Michal Cizek/AFP/Getty Images
Spain Hall of the Prague Castle during the preparation ahead of a meeting, scheduled on April 8, 2010 in Prague, with US President Barack Obama and leaders of several former Soviet-bloc countries to sign a nuclear disarmament treaty with Russia.
Tuesday kicked off a week of nuclear policy shifts that the Obama Administration hopes will mark a dramatic change in how the United States and the rest of the world manages, and eventually disposes of its nuclear weapons stockpiles. First in line was the Nuclear Posture Review, which sets American military policy in regards to the potential use of its nuclear weapons, and called for sweeping new constraints in when those weapons could be used. Next up is Thursday when President Obama meets his Russian counterpart in Prague to sign the new Strategic Arms Reduction Treaty that will eliminate thousands of nuclear bombs from the combined armories of Russia and the U.S. But there are bigger goals in mind, including airy talk of eventually ridding the world of nukes. Is such a vision possible?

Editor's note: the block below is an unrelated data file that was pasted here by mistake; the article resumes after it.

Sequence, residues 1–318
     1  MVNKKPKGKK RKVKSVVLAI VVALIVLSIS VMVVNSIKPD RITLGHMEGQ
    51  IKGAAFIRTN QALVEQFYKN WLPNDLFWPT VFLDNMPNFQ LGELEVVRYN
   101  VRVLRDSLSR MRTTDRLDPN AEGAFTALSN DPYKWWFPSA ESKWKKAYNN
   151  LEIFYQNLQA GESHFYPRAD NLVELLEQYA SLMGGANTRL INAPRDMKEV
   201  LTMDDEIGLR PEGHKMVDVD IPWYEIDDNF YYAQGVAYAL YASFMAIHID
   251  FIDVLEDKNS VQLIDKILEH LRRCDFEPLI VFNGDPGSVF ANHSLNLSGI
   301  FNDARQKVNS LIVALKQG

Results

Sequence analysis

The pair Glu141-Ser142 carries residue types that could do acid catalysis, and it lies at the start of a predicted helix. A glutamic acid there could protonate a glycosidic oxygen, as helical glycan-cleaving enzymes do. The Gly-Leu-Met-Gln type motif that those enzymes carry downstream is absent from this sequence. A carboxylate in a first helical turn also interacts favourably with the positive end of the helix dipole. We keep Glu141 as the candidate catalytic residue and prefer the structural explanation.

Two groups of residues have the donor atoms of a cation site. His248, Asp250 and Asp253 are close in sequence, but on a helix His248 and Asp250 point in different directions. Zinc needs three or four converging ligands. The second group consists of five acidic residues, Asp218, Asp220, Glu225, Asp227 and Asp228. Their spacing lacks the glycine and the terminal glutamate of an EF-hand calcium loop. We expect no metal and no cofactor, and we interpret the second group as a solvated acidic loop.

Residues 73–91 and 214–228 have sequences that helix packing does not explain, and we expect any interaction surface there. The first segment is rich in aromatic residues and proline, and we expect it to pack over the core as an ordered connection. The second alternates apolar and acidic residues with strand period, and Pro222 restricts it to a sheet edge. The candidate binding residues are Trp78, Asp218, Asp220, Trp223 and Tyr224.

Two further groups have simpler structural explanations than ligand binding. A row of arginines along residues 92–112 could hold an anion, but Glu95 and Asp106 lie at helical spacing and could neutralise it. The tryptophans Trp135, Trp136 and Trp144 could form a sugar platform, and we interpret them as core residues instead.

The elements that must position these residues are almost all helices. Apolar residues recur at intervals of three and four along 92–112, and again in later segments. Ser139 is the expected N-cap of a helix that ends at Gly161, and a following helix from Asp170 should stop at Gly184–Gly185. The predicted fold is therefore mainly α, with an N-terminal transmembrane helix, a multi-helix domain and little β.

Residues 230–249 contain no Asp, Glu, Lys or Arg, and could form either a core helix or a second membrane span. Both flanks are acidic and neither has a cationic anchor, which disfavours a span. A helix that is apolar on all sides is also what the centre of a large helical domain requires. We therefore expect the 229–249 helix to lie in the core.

David Albright, physicist & president of the Institute for Science & International Security
Linton Brooks, distinguished research fellow at the National Defense University; former administrator of the U.S. Department of Energy’s National Nuclear Security Administration